I was no longer considered human, which was not far from the truth.

I didn't have to hide away any more. The technology that threatened to plumb the secrets of my longevity had gone. There remain the odd pocket of more advanced civilization but humankind for the most part had retreated to agrarian societies. I felt a strong sense of déjà vu on a regular basis as I watched people working in the fields. On the rare occasion I visited the town, I did so draped in cloak and hood to hide my face, a face I found depicted on walls of temples alongside those of fearsome mythological beasts, and always as their master or conqueror.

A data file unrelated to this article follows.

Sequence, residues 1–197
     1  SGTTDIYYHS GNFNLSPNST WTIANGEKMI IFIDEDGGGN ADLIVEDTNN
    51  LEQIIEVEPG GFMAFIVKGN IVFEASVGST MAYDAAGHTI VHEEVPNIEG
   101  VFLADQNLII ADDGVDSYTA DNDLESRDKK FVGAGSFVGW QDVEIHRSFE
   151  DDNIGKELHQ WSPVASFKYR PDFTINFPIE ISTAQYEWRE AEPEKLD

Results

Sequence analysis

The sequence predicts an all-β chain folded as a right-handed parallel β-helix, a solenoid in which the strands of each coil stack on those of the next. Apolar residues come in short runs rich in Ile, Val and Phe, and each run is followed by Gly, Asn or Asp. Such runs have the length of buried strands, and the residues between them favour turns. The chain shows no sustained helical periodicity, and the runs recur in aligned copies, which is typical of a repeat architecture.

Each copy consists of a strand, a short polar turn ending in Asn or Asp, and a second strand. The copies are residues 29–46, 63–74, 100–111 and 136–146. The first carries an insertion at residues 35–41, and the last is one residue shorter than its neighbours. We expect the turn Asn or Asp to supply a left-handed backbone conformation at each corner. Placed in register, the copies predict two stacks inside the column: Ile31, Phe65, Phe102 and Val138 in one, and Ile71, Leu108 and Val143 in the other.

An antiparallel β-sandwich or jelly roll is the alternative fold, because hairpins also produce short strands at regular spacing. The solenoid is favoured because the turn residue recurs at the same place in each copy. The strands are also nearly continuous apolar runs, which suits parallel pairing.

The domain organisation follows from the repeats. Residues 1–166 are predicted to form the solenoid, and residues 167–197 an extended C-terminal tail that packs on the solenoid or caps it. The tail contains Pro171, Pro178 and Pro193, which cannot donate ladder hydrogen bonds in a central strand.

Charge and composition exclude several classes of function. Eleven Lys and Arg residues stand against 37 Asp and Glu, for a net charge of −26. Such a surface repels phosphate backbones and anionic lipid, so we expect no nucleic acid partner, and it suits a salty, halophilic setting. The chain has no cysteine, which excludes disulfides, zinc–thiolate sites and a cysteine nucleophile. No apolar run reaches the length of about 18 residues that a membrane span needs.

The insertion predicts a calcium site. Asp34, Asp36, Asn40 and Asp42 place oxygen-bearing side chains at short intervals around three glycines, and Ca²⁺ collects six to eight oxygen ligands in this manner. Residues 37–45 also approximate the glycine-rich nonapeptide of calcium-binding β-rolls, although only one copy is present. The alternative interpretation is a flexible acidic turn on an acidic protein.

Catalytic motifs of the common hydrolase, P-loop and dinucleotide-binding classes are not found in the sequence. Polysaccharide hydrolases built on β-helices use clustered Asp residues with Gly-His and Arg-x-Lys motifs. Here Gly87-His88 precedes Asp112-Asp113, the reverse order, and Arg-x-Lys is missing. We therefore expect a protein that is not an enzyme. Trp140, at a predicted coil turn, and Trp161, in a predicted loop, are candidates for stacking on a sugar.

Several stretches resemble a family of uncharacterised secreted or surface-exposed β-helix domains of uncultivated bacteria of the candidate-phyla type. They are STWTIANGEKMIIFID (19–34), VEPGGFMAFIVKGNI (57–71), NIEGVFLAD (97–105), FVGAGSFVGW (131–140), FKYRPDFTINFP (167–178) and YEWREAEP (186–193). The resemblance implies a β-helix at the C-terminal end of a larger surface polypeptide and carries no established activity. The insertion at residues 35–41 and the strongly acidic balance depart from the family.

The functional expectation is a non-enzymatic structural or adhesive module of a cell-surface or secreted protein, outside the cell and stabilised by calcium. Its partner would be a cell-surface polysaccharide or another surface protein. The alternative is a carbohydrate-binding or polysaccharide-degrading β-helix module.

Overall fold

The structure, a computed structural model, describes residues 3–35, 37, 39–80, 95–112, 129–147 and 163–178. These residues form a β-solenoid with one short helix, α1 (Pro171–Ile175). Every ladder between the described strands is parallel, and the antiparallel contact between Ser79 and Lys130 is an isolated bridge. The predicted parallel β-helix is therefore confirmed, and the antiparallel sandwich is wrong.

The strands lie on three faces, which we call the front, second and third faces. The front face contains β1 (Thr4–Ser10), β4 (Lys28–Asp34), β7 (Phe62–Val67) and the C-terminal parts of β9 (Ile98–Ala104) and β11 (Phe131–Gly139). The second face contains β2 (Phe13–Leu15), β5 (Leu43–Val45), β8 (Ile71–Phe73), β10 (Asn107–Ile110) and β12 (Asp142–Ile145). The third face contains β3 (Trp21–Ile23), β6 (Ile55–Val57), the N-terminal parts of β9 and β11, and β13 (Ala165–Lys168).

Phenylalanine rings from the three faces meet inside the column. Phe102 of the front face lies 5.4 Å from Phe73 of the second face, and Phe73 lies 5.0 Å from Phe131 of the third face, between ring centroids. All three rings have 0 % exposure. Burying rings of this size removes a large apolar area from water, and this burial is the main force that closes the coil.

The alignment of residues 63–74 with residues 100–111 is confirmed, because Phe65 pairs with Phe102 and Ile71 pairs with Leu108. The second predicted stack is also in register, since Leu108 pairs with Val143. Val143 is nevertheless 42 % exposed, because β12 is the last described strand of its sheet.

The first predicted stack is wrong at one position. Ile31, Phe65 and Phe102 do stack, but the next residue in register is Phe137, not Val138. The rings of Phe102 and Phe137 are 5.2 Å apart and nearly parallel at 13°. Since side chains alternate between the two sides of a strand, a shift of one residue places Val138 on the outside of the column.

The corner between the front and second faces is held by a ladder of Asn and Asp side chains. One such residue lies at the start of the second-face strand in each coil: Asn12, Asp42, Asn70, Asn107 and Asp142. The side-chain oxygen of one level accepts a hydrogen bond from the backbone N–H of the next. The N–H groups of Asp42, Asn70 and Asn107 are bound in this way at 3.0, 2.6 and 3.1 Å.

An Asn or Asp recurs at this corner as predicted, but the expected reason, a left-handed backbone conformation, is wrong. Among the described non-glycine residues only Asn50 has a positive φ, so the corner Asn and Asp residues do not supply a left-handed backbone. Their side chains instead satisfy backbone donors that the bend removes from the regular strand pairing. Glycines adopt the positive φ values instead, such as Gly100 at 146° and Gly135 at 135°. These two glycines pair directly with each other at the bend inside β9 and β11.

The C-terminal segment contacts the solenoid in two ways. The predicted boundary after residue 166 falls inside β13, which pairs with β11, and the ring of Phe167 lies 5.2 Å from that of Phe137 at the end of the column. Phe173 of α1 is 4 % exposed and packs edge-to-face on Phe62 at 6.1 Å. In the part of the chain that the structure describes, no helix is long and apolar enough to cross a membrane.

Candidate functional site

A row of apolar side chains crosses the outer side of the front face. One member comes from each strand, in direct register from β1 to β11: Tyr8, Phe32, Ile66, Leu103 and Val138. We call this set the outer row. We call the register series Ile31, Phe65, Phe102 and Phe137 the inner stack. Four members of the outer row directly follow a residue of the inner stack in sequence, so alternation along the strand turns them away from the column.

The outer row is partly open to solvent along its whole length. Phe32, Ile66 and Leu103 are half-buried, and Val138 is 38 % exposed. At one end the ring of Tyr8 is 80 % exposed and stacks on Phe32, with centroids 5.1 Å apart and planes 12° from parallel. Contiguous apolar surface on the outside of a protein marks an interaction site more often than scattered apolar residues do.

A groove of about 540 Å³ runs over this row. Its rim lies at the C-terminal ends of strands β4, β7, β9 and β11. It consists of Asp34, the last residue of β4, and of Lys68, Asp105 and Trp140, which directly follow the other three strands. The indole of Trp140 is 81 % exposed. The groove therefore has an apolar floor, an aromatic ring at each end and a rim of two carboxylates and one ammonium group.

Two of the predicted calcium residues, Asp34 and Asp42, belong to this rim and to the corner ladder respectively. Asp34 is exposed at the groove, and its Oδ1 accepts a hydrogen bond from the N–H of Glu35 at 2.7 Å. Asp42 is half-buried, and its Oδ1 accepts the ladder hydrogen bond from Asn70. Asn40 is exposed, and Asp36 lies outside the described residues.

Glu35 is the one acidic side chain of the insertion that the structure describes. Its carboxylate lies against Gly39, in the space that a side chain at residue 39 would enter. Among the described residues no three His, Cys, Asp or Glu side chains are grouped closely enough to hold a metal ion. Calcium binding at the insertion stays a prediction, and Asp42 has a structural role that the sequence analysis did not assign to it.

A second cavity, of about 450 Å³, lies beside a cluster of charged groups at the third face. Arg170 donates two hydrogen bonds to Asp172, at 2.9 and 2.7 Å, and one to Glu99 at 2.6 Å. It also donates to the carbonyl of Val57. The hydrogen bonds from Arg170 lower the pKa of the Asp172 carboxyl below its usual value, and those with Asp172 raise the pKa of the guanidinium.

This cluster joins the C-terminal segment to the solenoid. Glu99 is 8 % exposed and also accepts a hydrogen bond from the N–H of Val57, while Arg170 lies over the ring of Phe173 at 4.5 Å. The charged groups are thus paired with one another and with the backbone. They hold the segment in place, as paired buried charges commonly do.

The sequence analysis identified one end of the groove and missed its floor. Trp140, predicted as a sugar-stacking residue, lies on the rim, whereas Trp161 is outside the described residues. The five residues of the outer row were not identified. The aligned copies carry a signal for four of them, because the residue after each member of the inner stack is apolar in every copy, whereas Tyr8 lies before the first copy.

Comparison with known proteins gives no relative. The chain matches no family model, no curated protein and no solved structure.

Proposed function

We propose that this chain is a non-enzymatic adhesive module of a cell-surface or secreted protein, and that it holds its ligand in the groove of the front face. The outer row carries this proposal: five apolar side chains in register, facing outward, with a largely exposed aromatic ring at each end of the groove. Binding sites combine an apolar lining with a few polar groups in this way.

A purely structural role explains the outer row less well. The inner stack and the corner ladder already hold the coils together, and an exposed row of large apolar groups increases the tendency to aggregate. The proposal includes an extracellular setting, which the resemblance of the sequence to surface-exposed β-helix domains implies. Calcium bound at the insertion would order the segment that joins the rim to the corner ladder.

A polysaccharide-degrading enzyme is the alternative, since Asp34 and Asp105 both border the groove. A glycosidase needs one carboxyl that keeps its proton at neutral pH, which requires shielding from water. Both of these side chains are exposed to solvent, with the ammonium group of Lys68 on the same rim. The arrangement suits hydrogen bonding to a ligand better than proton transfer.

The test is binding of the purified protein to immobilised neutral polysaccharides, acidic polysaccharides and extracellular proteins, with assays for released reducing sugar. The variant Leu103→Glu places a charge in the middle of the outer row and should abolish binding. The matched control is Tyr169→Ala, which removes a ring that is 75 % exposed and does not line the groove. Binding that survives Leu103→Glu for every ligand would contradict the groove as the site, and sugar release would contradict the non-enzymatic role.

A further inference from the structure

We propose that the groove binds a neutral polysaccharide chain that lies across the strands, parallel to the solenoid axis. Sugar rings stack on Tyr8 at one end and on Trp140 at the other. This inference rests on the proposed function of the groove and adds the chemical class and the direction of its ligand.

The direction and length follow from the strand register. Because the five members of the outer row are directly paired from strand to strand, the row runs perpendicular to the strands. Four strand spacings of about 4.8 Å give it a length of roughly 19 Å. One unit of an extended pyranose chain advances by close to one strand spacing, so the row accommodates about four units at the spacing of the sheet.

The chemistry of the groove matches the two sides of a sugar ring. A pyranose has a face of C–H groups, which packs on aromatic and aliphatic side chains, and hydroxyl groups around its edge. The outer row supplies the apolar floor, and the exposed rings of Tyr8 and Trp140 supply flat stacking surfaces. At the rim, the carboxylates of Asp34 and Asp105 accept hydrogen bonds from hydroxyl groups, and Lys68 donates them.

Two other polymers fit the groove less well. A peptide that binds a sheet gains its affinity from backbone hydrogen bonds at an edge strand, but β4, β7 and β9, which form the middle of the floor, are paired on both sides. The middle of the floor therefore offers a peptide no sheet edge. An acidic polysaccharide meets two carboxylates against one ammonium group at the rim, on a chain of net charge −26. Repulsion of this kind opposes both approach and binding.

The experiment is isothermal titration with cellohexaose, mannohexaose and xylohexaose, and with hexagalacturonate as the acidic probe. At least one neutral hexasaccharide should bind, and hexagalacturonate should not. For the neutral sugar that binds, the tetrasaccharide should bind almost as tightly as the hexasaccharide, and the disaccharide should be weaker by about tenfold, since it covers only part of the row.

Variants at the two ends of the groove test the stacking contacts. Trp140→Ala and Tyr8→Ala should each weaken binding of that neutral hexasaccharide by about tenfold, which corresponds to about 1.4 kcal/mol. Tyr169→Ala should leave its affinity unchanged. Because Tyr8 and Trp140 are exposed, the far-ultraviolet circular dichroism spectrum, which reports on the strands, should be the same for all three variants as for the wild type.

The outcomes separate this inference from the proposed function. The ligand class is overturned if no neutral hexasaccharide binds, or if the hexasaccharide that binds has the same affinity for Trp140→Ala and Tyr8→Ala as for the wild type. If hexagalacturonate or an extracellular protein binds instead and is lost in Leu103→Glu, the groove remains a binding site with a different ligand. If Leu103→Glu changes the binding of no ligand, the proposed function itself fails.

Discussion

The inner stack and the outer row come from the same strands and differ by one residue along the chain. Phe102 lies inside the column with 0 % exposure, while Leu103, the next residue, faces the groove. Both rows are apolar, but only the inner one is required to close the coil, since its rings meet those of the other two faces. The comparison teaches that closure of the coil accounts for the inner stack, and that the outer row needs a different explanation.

At one point, while encamped in a small village, a child of about nine years sneaked in close enough to see me without my hood. I didn't realize that until the entire village to descended on my camp the following afternoon, bearing gifts of food and sundries. I could barely understand their words as I had neglected to familiarize myself with the local dialects, but reasoned they had been suffering drought for some time and begged for rain. They were a pitiful looking lot. I couldn't say no, especially as I knew that the local weather control station might still be operable with minor repair. The building had been commandeered for use as storage, the mechanisms cannibalized for other purposes years earlier, but there were sufficient stores at nearby stations and soon I had it up and working. The sensors immediately put its outlying control units to the task and rain began falling within two days. There was some minor flooding but even that was received with joy. I left before the villagers could find me again and headed on to the next village, hoping to avoid any further discovery. It always been my experience extended contact with people and complications usually ending unhappily.